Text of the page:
The typical cost of writing a will depends on whether you write the will yourself or you hire an attorney, as well as the complexity of your financial situation. Either way, the benefits of a will outweigh the costs, because a will enables you to control how your assets will be divided among your heirs after your death. If you don't have a will, state laws determine how your assets are divided and who has guardianship of your children. Even if your assets are small, taking the time to make a will saves time and money later on.
You can write your own will using inexpensive computer software, such as Quicken Willmaker Plus, or through websites that guide you through the process of making your own will, such as LegalZoom.com. This option is best if you have a simple will and the value of your estate is under the federal estate tax limit. Writing your own will usually costs less than $100, and may be as inexpensive as $25. Writing your own will is completely legal, but you also risk the chance of not making your wishes clear or using legal terms incorrectly.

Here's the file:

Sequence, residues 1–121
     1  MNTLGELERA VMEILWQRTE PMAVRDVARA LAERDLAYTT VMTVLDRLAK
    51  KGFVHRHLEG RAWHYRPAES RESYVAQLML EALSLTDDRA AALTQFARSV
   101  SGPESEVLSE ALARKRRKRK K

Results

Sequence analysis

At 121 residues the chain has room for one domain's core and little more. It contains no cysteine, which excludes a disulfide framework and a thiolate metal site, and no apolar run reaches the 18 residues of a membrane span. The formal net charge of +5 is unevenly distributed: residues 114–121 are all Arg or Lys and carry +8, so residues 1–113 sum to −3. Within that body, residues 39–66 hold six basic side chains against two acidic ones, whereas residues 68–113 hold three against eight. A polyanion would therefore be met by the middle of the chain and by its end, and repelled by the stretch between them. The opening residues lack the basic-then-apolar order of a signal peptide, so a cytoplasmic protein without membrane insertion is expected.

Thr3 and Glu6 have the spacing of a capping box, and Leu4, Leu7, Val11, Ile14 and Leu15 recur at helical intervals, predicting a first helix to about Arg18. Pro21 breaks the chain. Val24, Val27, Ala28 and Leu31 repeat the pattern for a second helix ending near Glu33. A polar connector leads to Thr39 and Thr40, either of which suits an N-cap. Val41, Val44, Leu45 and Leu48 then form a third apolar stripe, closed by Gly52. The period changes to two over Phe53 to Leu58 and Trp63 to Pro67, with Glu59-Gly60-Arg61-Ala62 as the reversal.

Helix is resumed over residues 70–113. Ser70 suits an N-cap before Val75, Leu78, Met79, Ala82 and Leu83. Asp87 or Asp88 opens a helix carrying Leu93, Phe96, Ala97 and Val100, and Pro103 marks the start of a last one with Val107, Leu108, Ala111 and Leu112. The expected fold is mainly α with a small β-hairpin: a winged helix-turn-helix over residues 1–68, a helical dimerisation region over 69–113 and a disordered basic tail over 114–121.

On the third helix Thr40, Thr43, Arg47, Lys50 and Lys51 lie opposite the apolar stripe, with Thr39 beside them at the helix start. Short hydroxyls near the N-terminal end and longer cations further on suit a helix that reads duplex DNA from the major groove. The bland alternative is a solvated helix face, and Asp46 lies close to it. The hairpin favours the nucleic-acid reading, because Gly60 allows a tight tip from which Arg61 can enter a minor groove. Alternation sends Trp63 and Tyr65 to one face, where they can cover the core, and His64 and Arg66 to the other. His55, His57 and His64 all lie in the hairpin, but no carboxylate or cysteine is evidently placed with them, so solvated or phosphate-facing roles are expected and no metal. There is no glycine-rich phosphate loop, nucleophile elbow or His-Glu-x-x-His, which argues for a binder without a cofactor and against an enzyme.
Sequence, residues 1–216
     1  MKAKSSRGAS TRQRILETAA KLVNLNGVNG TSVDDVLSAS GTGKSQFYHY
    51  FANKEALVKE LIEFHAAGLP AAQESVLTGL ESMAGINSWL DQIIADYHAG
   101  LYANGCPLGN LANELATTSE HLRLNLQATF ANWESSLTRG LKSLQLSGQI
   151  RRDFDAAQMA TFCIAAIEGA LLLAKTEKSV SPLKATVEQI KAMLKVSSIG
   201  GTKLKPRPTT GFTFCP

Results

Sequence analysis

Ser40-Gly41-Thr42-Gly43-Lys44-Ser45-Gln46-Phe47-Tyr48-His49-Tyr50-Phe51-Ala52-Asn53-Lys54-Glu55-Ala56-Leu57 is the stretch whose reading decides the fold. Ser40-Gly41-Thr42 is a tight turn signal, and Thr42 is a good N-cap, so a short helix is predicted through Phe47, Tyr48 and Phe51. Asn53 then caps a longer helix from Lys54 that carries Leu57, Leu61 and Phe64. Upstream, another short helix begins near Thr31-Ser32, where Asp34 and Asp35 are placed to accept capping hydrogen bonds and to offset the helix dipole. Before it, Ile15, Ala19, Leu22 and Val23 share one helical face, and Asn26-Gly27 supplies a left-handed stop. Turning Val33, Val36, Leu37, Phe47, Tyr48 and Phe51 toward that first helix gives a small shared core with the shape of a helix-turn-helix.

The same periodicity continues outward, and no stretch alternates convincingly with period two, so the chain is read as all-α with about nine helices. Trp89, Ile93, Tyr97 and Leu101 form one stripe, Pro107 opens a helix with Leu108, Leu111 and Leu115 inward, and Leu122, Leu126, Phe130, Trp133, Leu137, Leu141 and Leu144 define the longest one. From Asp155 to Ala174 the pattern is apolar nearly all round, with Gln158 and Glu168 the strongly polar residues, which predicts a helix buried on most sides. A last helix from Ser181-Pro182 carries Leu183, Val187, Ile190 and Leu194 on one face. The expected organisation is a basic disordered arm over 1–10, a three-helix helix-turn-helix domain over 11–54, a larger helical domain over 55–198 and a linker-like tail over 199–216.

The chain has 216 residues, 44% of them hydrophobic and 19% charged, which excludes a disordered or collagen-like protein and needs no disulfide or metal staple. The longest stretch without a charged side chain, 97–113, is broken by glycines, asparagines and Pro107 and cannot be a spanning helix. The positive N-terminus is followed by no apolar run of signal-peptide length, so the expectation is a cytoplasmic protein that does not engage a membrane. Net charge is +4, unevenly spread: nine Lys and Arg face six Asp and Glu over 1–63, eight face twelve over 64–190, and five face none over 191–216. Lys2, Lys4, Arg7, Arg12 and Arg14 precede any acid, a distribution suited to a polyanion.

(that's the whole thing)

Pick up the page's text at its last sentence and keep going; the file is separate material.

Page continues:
Hiring an attorney to help you write a will costs more, but using a legal professional ensures that your will clearly expresses your wishes and employs legal terminology correctly. Ask for quotes before choosing a lawyer and consider asking friends for recommendations. In addition, reduce your legal costs by assembling relevant information before seeing your lawyer, such as your assets and properties, any debts or liabilities, and the people and organizations you wish to leave your money to. The cost of hiring an attorney to help you write a will depends on the attorney, the complexity of your will and other factors, but expect to pay at least a few hundred dollars.